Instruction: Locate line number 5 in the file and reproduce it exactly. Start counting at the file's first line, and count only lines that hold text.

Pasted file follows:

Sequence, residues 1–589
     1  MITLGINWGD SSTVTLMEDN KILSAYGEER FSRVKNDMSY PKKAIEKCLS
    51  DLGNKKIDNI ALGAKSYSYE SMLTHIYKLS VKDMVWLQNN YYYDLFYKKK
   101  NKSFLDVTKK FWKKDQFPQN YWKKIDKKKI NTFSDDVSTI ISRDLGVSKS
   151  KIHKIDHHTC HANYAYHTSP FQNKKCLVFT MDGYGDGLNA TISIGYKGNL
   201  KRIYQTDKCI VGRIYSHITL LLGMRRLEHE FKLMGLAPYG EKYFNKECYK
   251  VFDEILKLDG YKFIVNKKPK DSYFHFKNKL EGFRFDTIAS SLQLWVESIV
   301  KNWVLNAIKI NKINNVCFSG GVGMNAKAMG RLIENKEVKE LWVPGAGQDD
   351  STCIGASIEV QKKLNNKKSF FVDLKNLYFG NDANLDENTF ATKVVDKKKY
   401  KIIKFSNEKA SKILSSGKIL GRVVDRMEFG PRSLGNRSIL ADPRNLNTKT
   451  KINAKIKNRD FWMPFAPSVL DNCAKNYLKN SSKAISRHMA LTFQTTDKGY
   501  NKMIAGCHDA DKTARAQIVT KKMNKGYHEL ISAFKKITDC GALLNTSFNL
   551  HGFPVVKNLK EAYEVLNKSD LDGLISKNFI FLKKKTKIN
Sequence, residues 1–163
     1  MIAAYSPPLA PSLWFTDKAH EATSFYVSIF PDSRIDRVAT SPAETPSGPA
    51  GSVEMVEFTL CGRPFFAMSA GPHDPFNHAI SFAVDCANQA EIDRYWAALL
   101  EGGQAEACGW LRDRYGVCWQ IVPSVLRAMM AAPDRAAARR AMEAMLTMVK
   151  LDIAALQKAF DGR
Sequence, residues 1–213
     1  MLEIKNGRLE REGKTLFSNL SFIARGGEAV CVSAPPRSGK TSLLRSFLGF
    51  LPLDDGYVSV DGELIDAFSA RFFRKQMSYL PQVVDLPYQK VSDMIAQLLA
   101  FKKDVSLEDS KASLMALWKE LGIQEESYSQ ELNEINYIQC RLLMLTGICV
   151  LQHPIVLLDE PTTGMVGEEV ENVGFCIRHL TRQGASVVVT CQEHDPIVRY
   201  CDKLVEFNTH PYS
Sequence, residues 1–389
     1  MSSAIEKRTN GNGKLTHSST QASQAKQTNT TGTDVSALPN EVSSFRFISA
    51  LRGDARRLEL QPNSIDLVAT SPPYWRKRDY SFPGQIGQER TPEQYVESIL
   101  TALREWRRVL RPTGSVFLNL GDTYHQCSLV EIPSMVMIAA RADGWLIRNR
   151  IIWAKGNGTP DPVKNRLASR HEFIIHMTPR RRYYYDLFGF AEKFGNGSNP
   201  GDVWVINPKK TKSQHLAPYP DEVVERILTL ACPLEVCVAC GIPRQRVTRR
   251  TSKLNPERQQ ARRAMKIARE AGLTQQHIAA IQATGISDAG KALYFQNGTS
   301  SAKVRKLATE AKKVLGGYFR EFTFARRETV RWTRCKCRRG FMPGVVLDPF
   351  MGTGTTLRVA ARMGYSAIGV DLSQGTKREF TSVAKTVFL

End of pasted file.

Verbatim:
   151  KIHKIDHHTC HANYAYHTSP FQNKKCLVFT MDGYGDGLNA TISIGYKGNL